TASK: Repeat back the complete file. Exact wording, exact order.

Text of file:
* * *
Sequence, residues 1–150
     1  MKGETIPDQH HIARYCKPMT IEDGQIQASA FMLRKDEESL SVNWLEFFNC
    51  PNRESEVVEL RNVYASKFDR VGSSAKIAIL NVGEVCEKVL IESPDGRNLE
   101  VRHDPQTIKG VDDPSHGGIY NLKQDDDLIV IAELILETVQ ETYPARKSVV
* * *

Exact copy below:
Sequence, residues 1–150
     1  MKGETIPDQH HIARYCKPMT IEDGQIQASA FMLRKDEESL SVNWLEFFNC
    51  PNRESEVVEL RNVYASKFDR VGSSAKIAIL NVGEVCEKVL IESPDGRNLE
   101  VRHDPQTIKG VDDPSHGGIY NLKQDDDLIV IAELILETVQ ETYPARKSVV